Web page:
Monofilament fabric also has advantages in cleaning, which can help deter microbiological contamination in food and beverage applications.
The only drawback to monofilament cloths is in their durability. Because these cloths are woven from individual strands instead of multiple fibers woven together they are more fragile, and a crack in a single strand can compromise the stability of the entire cloth.
Multifilament or “Spun” Fibers
Compared to the “mono” fiber above being similar to fishing line, with “multifilament” threads, think “yarn.” The fibers vary in size, but are grouped together in a single strand. Multifilament fibers feature good particle retention and are very durable, since a break in a single thread has very little impact on the overall stability of the cloth.
Mono-Multifilament fabrics have become very popular, as they combine the benefits of both “mono” and “multi” to get the best of both worlds. That is, the excellent cake release, higher flow rates and ease of cleaning of monofilament, plus the durability of multifilament fibers.
Because of these combined characteristics, mono-multi filter cloth has been found to be ideal for “lees filtration,” a solid-liquid separation process used in winemaking.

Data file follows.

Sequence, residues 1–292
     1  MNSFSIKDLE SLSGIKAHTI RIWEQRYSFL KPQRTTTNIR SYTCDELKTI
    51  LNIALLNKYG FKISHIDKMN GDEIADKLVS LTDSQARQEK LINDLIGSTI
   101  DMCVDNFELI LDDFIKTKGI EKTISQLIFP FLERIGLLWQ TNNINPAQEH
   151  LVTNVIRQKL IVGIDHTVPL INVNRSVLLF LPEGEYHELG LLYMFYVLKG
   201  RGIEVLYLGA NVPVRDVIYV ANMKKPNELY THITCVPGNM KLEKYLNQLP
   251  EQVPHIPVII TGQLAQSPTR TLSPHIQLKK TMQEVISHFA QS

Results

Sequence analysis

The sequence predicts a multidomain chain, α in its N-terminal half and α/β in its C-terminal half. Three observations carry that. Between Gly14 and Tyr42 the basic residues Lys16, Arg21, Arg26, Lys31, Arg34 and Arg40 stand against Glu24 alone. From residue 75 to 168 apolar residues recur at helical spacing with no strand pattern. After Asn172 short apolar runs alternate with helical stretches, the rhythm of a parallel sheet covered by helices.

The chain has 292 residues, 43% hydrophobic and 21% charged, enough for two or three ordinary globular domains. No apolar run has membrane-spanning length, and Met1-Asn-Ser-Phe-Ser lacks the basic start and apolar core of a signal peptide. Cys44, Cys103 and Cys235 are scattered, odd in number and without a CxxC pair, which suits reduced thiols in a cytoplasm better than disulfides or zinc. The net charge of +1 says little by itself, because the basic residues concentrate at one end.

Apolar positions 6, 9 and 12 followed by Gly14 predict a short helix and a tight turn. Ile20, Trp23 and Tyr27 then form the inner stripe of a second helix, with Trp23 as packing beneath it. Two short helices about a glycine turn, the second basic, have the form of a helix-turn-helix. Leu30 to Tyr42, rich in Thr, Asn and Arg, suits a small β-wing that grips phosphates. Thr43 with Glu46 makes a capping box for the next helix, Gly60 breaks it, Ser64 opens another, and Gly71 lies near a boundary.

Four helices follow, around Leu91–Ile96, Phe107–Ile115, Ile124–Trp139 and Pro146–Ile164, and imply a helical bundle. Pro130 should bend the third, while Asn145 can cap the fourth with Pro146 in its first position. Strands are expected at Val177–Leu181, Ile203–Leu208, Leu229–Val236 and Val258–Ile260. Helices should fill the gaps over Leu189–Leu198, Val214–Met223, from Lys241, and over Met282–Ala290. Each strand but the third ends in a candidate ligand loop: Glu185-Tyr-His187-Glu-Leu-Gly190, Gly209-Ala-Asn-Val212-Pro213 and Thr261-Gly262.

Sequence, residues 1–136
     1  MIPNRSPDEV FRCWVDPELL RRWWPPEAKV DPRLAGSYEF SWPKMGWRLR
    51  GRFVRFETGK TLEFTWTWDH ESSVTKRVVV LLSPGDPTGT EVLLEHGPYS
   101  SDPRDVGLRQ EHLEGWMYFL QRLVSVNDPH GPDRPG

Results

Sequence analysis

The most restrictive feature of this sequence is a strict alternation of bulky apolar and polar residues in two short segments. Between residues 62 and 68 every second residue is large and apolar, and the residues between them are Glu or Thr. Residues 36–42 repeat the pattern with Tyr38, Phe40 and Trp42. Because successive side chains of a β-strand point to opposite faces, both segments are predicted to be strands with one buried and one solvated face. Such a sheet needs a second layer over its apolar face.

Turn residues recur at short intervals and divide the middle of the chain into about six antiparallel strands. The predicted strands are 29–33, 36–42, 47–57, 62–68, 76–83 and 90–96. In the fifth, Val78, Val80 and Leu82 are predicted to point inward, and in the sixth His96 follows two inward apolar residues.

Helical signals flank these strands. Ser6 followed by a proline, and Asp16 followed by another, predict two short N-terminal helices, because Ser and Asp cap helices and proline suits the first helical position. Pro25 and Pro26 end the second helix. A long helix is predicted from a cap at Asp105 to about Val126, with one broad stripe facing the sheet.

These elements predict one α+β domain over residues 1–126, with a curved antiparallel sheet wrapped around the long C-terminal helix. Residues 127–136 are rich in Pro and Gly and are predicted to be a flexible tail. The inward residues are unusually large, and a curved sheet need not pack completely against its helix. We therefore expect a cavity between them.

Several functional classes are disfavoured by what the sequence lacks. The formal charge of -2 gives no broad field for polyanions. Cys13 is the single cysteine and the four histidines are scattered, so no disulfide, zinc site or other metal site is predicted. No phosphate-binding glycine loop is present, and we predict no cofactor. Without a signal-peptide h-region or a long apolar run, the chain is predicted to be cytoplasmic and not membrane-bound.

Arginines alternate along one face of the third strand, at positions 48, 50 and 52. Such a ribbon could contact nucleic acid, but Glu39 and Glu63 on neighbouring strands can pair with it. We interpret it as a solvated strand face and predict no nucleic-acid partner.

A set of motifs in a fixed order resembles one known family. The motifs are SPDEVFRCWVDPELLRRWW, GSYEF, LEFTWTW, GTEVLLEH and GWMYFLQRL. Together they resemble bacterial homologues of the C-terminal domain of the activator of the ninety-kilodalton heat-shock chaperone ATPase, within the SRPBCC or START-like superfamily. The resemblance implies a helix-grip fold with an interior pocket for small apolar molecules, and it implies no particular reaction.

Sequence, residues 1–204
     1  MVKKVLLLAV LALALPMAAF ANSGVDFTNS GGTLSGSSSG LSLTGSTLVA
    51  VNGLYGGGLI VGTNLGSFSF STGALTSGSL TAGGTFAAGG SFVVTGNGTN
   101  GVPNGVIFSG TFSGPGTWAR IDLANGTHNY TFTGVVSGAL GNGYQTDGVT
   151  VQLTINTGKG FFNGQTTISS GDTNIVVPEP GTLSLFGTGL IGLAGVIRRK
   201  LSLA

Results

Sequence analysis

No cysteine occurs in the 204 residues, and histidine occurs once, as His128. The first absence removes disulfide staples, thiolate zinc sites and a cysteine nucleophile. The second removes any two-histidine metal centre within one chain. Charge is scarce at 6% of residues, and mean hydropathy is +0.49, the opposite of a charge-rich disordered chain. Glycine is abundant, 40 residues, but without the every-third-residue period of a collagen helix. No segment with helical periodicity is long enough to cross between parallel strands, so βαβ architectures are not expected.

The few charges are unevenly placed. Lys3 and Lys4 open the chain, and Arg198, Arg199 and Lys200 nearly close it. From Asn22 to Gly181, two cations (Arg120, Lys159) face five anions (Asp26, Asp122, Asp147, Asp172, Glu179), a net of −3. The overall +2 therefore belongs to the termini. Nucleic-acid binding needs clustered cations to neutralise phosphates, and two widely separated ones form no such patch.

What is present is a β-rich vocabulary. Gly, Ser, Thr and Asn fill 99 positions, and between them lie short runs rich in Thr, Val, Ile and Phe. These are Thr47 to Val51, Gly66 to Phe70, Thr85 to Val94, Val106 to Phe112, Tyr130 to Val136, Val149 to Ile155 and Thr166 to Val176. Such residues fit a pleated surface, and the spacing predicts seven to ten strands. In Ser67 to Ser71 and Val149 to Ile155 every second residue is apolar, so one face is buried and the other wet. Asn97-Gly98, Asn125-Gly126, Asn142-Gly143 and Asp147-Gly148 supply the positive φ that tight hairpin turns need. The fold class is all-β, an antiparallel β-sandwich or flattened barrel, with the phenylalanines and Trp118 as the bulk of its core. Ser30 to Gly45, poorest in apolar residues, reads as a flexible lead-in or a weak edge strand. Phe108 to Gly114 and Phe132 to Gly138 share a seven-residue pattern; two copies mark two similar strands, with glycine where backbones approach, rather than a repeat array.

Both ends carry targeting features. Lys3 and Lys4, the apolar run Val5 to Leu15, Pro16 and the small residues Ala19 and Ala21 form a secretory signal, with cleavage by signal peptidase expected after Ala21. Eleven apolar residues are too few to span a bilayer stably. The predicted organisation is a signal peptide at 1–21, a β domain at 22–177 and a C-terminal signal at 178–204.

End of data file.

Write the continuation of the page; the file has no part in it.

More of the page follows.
CGR vs. NG
“CGR” is an acronym for “Caulked, Gasketed, Recessed chamber.” CGR plates should provide a virtually leak-proof filter press. Cloths for these plates are octagon shaped, with a caulking rope or cord sewn into the edge of the cloth. “NG” means “Non-Gasketed.” The NG cloth is faster and simpler to install, though the trade off is that occasionally some dripping can happen when using NG cloths.
CGR Cloth Installed in a Filter Plate
NG Cloth Installed in a Filter Plate
NG Cloths (with Latex Edging)
A latex coating can be added to the edges of an NG cloth to help prevent leaks.
“Cubic Feet per Minute” is the measure of flow or air permeability of the cloth media.
Warp and Weft
Warp is the threads that run lengthwise in a cloth. Weft is the threads that run across the width of a cloth at right angles to the warp. These are also known as filling threads. Warp should run vertically when installed.
The most common are plain, twill, and satin (or sateen).
- Plain Weave is average in strength, cake release, and stability.
- Twill Weave adds a diagonal rib or line to the weave, adding strength at the expense of a little stability. Cake release is average.
- Satin Weave is popular for its excellent cake release and excellent resistance to blinding.